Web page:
“I have hymns you haven’t heard.”
— Rilke

“I want to fight until I don’t feel sad anymore,” cries the young Polish character in the WWII Masterpiece series, World on Fire. The boy had just lost both his mother and his homeland in 1939. It made me wonder, is that why we fight? Do we really think it will abolish our sadness? Fighting might abolish many things, but not our sadness.

What if we could, instead, fully inhabit our sadness in bearable ways? Would it help to give us a wider view of the situation — less narrow, rigid, and vengeful — flowing outward into compassion toward all sides? Would it stop the endless cycles of violence and us-vs-them wars?

Inhabit Your Situation

The Stoic philosopher Epictetus instructed his followers to “inhabit your situation.” Everything was against this great thinker. He was a slave with a physical disability, but he inhabited his situation, and by doing so, he found peace. So, too, in times of war, climate change, injustice, horror, and unbearable loss, we must first fully inhabit — or feel — our situation before we can transform it.

Music can help. So can poetry, prayer, art, a walk in the woods, or a hug from a friend. But in this essay, I will focus on music, for music is the incarnation of pure feeling. Music is our philosopher, our spiritual teacher, our therapist, our whole-making companion in this tragic world — a world hell-bent on grasping, dehumanization, rage, and violence.

Anger, Sadness, and the Divided Brain

According to the eminent psychiatrist, brain-hemisphere scientist, and philosopher Iain McGilchrist, anger and rage are part of how the left hemisphere “attends” to the world. It sees the world in terms of us and them, black and white. It abstracts rather than connects, prefers grasping and competition rather than cooperation and compassion. It interprets the world in mechanistic terms, leaving no room for spiritual and moral qualities of the soul. The left hemisphere is supposed to be a helper to the right hemisphere by breaking things down into separate parts for study, but the parts don’t make a whole.

McGilchrist describes how the two hemispheres are supposed to work together with the metaphor of music practice:

It is like learning a piece of music: first you are drawn to play it as a whole; then you break it down into bits and practice certain passages and analyse harmonic transitions, and so on; but in the performance all that must once again be set ruthlessly aside, or the results will be disastrous.” (The Divided Brain and the Search for Meaning)

But we often get stuck in the left brain, without returning our attention to the whole — and disaster, indeed, ensues. McGilchrist’s twenty-year research on stroke victims reveals that anger is the single emotion attributed to the left brain with its narrow focus, rigid certainty, manipulation, self-interest — and prime motivation: power (over others).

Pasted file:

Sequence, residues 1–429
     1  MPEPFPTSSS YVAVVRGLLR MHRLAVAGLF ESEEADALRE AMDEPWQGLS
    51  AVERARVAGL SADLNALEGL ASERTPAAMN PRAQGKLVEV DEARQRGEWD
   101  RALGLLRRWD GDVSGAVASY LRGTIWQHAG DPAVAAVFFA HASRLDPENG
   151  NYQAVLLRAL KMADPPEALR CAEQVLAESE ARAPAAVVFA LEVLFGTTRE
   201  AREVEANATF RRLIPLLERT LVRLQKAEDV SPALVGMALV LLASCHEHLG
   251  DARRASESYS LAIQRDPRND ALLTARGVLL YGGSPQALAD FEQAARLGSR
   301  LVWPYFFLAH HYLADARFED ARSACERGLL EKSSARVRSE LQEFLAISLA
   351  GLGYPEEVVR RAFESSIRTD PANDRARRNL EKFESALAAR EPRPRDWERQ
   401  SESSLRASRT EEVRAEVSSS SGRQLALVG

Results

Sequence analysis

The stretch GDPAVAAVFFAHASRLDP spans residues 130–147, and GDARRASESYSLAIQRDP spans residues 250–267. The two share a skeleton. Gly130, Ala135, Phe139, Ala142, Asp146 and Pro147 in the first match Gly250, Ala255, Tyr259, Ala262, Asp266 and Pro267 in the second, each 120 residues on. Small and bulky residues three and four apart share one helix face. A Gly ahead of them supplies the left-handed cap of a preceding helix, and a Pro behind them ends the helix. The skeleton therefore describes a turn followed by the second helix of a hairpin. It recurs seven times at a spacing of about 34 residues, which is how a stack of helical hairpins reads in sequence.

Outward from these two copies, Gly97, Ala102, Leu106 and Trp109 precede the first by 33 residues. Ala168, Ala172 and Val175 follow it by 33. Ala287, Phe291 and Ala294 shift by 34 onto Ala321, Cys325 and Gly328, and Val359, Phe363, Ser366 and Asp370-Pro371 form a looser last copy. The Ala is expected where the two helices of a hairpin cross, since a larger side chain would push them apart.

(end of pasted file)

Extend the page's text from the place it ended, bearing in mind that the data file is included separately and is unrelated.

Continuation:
All this sounds suspiciously like the world we live in today (and what Jesus tried to free us from with his parables). If left-hemisphere anger cannot be processed back into the broader view of the right brain, we get stuck in loops of rage that lead to vengeance, and finally, to self-destruction. This idea begs the question: Has the left brain hijacked our world?

The right hemisphere, on the other hand, attends to the world in quite the opposite way. It is the hemisphere of a wider intelligence, flow, meaning, empathy, sadness, joy, love, creativity, spirituality, humor, music, and poetry — all that makes life worth living. And yet, these aspects of humanity play second-fiddle in our culture.

Something is terribly wrong. It appears that humanity has indeed been usurped by left-hemisphere dominance to the peril of our planet and our humanity. Even our institutions are caught up in this hijacking. Think of all the secondary schools cutting music and art programs, the stubborn dominance of scientific materialism, the entrenchment of religious fundamentalism — the damage is pervasive in our culture.
But there are signs of hope.

Music Connects

In 1999, maestro Daniel Barenboim and the late Palestinian literary scholar Edward W. Said created a workshop for young musicians to promote coexistence and intercultural dialogue. They named the orchestra and workshop after Johann Wolfgang von Goethe’s collection of poems West-Eastern Divan, a central work for the development of the concept of world culture. An equal number of Israeli and Arab musicians form the base of the ensemble, together with members from Turkey, Iran, and Spain. They meet each summer for rehearsals, followed by an international concert tour. In Daniel Barenboim’s words, “the power of music lies in its ability to speak to all aspects of the human being — the animal, the emotional, the intellectual, and the spiritual. Music teaches us, in short, that everything is connected.”